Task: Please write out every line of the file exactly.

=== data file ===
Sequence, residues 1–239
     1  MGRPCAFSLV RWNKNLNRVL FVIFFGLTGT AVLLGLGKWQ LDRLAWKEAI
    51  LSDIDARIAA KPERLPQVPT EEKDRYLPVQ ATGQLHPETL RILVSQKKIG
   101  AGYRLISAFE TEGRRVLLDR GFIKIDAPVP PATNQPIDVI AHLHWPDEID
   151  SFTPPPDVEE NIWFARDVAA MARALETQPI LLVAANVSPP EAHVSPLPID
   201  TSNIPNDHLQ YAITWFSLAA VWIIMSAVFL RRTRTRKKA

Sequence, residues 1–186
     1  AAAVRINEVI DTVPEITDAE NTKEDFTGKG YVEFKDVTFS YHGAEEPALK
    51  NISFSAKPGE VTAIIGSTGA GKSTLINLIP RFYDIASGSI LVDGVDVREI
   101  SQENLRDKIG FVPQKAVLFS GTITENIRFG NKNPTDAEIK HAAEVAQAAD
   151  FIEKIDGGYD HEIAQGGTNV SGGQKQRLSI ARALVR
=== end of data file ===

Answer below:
Sequence, residues 1–239
     1  MGRPCAFSLV RWNKNLNRVL FVIFFGLTGT AVLLGLGKWQ LDRLAWKEAI
    51  LSDIDARIAA KPERLPQVPT EEKDRYLPVQ ATGQLHPETL RILVSQKKIG
   101  AGYRLISAFE TEGRRVLLDR GFIKIDAPVP PATNQPIDVI AHLHWPDEID
   151  SFTPPPDVEE NIWFARDVAA MARALETQPI LLVAANVSPP EAHVSPLPID
   201  TSNIPNDHLQ YAITWFSLAA VWIIMSAVFL RRTRTRKKA

Sequence, residues 1–186
     1  AAAVRINEVI DTVPEITDAE NTKEDFTGKG YVEFKDVTFS YHGAEEPALK
    51  NISFSAKPGE VTAIIGSTGA GKSTLINLIP RFYDIASGSI LVDGVDVREI
   101  SQENLRDKIG FVPQKAVLFS GTITENIRFG NKNPTDAEIK HAAEVAQAAD
   151  FIEKIDGGYD HEIAQGGTNV SGGQKQRLSI ARALVR